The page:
Talk:WikiJournal of Medicine/Cell disassembly during apoptosis

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WikiJournal of Medicine
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<meta name='citation_doi' value='10.15347/wjm/2017.008'>

Article information

Authors: Aaron Smith[i][a], Michael AF Parkes[i][a], Georgia K Atkin-Smith[a], Rochelle Tixeira[a], Ivan KH Poon[a][ii]

Aaron Smith; Michael AF Parkes; Georgia Atkin-Smith; Rochelle Tixeira; Ivan Poon (20 December 2017), "Cell disassembly during apoptosis", WikiJournal of Medicine, 4 (1), doi:10.15347/WJM/2017.008, ISSN 2002-4436, Wikidata Q55887092


Plagiarism check

YesY Done The initial plagiarism check revealed some similarity to previous publications by the authors: see the PDF of the plagiarism check report here.

Subsequently, an edit was made which resolved any resemblances. --Steven Fruitsmaak (Reply) 21:53, 24 June 2017 (UTC)

Editor's comments

Comments by Michaël R. Laurent, MD PhD ,

These editorial comments refer to this previous version of the article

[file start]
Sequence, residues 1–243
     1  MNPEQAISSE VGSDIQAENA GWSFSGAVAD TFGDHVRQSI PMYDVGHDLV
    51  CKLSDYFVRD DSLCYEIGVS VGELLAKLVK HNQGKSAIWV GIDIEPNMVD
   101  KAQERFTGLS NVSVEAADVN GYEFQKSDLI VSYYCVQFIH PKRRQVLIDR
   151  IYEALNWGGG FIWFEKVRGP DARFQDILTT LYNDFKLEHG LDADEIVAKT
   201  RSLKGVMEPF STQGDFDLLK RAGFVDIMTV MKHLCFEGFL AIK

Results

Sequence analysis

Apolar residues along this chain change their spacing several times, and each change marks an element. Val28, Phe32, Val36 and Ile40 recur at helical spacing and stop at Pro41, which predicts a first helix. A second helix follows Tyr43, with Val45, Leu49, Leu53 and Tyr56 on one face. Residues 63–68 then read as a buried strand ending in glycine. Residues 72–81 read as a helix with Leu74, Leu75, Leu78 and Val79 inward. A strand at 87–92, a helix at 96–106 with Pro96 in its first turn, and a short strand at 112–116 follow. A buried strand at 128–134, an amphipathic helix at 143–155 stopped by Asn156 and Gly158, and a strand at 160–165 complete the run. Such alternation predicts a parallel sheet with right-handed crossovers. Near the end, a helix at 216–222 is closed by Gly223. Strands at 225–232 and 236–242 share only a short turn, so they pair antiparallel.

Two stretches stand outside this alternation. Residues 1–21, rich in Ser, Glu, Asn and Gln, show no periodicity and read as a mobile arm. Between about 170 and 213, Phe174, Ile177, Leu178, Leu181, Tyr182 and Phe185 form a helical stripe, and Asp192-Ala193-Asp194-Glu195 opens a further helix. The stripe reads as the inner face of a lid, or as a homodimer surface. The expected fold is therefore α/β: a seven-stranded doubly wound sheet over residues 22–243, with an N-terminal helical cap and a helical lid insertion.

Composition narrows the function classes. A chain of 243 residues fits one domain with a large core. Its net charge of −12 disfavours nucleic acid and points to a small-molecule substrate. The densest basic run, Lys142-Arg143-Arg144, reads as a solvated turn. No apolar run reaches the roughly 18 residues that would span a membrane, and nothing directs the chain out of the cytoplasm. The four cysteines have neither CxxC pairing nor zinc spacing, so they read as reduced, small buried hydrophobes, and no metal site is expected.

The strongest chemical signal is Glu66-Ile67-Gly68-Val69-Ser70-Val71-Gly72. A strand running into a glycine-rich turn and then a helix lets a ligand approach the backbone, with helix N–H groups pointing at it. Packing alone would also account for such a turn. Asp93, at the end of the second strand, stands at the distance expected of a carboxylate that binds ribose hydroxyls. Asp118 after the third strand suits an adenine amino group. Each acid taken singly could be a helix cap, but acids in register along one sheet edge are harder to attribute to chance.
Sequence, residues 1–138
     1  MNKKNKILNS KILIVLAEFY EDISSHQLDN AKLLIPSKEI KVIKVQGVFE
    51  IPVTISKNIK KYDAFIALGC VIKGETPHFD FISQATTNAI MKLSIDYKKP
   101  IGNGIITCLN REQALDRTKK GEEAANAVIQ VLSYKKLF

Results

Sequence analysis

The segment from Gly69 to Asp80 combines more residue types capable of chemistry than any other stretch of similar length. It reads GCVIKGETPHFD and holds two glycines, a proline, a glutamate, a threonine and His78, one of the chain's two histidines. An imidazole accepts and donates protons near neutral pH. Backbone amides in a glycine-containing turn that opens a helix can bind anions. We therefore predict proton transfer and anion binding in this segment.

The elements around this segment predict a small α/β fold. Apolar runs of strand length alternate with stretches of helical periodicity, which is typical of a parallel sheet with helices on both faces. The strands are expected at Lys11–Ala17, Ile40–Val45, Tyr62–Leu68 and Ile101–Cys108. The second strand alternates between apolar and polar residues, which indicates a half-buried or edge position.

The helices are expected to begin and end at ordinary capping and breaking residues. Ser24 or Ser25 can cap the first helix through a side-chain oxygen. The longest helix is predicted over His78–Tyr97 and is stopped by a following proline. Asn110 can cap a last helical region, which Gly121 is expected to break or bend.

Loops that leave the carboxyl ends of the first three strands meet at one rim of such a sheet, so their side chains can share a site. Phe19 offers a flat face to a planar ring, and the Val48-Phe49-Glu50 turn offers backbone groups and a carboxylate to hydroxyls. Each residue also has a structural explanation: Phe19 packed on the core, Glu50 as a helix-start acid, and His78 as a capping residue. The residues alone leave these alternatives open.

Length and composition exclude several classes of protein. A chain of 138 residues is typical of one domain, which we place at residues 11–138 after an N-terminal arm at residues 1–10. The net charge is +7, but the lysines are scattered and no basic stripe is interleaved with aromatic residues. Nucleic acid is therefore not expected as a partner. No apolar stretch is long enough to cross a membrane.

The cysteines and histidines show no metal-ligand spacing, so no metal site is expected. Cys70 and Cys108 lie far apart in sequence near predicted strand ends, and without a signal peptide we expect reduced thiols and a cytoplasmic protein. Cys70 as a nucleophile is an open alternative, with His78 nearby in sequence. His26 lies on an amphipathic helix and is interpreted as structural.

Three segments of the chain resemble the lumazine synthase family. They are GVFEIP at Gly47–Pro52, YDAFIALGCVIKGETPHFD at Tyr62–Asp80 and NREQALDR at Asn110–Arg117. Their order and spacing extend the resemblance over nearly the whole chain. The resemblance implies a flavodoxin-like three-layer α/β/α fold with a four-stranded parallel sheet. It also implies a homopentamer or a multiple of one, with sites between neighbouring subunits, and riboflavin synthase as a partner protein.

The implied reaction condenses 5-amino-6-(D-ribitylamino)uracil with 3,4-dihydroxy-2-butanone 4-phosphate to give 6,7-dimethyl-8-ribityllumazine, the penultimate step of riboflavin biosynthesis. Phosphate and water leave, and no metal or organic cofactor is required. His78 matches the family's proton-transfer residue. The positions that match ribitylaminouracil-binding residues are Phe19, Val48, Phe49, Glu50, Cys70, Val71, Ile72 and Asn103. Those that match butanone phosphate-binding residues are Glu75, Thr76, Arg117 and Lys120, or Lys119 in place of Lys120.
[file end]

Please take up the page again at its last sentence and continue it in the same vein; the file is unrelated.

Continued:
I would first like to thank the authors for their excellent submission on Cell disassembly during cell death. I think the illustration provided in this submission could be used to enhance several Wikipedia articles including Apoptosis and Bleb (cell biology) (I've added these Wikipedia articles into your submission’s infobox). Some additional articles or redirects can also be created which were not yet in Wikipedia including the term Apoptopodia. I think it is a considerable advancement beyond previous available schemes such as this one: File:Apoptosis.png.

I have the following initial comments:

1. The article seems to be about Cell disassembly during apoptosis mainly; the image and accompanying text do not seem to apply to cell necrosis or any other forms of cell death e.g. necroptosis? In that case I would suggest changing the Title to: Cell disassembly during apoptosis instead of “cell death”.


I agree with the suggested change of title.

2. The article requires a short Abstract. I refer you for a recent example to the article: Eukaryotic and prokaryotic gene structure.


The disassembly of a dying cell into smaller fragments is a fundamental biological process during apoptosis. Recently, a number of distinct morphologic changes have been identified that could mediate the fragmentation of an apoptotic cell. Presented here is a figure that describe the progression of apoptotic cell disassembly.